Creative activity support system

In the classes in the current study, we incorporated the meta-awareness activity of "reflection." During Reflection, by looking back at the process of trial and error in their own learning activities, the students learn many things. At this time, in order to ensure that the learners gain a detailed understanding of their own creative activities, it is necessary to regularly record the details of the activities conducted as part of creative activities. Furthermore, when creating the robot, it is necessary to undertake "version management" of both the software and hardware elements over a long period of time.

In this study, we therefore developed a creative activity support system that would enable recording, management, and viewing of the groups' creative activities, to provide support for the learners' "Reflection" activities. This web-based system, which is comprised of a PHP linked with a database (MySQL), enables the learners to upload any items related to the group's creative activities using a browser (Figure 2).

The information recorded by the learners is updated in real time, so the learners can check the ranking status of their own or other learners' teams at any time. Using this system, the learners regularly record the status of their groups' activities. They then create the Reflection Sheet while viewing their own creation processes, which they have recorded in the system, and downloading the appropriate data as required.



Evaluation of learning results

We conducted an actual class in creative education; a course held in the Autumn Term in the 2004 academic year at the Chubu University College of Engineering. The learners included 131 first-year students in the College of Engineering Department of Computer Science. The curriculum for this course lasts for 13 weeks, with each (weekly) class lasting 135 min.

In these classes, in order to evaluate the learning results for skills related to the learners' creativity, we presented design tasks before and after the classes, based on an arrangement of Finke's "invention tasks (Finke, 19901)." A total of 91 students participated in the design tasks. The students were given sheets that presented with 15 specific types of parts, such as cube, wire, and wheels, and were asked to come up with new ideas for arranging these parts in any way that they pleased, sketching their ideas on a piece of paper one at a time. Each of the students was randomly assigned one of three themes for these ideas: "Playground equipment," "Furniture," and "Stationery." They were also given a 20-minute time limit.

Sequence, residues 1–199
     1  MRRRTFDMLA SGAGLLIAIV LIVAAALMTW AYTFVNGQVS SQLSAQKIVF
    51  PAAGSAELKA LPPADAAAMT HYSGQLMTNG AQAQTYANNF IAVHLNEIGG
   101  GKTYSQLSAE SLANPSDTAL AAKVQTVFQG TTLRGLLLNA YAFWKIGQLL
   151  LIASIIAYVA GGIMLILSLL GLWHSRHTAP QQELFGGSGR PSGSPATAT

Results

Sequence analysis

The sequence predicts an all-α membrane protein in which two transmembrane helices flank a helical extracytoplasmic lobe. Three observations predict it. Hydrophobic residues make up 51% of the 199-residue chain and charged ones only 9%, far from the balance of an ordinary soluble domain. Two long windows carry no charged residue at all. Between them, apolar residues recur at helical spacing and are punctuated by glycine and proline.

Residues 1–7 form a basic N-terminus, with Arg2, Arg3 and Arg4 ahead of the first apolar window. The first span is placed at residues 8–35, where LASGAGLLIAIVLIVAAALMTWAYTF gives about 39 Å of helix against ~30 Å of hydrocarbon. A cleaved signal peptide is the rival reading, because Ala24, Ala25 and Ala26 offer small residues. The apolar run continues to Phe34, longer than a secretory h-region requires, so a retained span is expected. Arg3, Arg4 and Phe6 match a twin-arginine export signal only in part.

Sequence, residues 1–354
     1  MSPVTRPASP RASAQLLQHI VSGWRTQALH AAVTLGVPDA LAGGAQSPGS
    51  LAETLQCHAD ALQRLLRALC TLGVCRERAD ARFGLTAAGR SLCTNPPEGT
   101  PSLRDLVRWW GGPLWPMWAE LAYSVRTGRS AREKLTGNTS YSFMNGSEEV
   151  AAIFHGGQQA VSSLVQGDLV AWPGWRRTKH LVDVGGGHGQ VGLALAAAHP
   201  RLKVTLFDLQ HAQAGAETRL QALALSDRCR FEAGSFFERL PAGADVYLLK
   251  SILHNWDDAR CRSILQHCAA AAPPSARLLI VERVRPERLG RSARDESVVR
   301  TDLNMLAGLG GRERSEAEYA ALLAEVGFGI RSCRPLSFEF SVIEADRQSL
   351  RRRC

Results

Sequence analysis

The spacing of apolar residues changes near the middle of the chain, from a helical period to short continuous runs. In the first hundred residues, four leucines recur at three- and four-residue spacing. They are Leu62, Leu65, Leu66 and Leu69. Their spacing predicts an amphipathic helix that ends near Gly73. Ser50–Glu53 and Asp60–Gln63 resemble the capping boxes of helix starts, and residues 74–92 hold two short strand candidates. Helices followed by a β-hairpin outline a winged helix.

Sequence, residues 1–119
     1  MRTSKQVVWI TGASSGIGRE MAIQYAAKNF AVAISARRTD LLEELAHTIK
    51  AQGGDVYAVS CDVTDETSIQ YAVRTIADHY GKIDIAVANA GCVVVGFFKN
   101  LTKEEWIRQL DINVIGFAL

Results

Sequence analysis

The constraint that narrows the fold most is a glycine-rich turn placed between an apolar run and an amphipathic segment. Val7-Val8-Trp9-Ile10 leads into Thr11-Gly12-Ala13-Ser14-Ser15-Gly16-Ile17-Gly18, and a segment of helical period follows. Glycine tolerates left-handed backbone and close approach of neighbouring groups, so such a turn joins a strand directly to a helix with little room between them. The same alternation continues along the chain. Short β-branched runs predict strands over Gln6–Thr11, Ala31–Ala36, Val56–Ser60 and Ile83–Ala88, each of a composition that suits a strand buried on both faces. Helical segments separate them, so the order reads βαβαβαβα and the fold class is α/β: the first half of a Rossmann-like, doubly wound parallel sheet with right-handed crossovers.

First, we categorized the ideas generated by the students according to the functions of each idea.

Specifically, Author 1 categorized the responses according to the respective themes(Table 1).

Changes in learners' idea generation skills

First, we evaluated the changes in idea generation skills during creative activities, which were set as the learning objective in these classes. In this paper, we calculated these changes based on the variations in the functions of the ideas; that is, the "Scope of ideas." Similarly, we expressed the "Depth of ideas" as the maximum value for the depth of study regarding an idea with a single function.

From the results of these evaluations, we confirmed that the number of ideas generated increased after the classes as compared to before (t(90)=4.481, p<.01) (Figure 3). We also confirmed that both the scope (t(90)=3.727, p<.01) and depth (t(90)=2.629, p <.05) of the ideas generated increased after the classes were completed. The above results suggest that the students learned idea generation skills through these creative activities.




Changes in behavior related to learners' reflections

Next, we analyzed the extent to which the learners underwent autonomous reflection through the Reflective Activities introduced into the classes.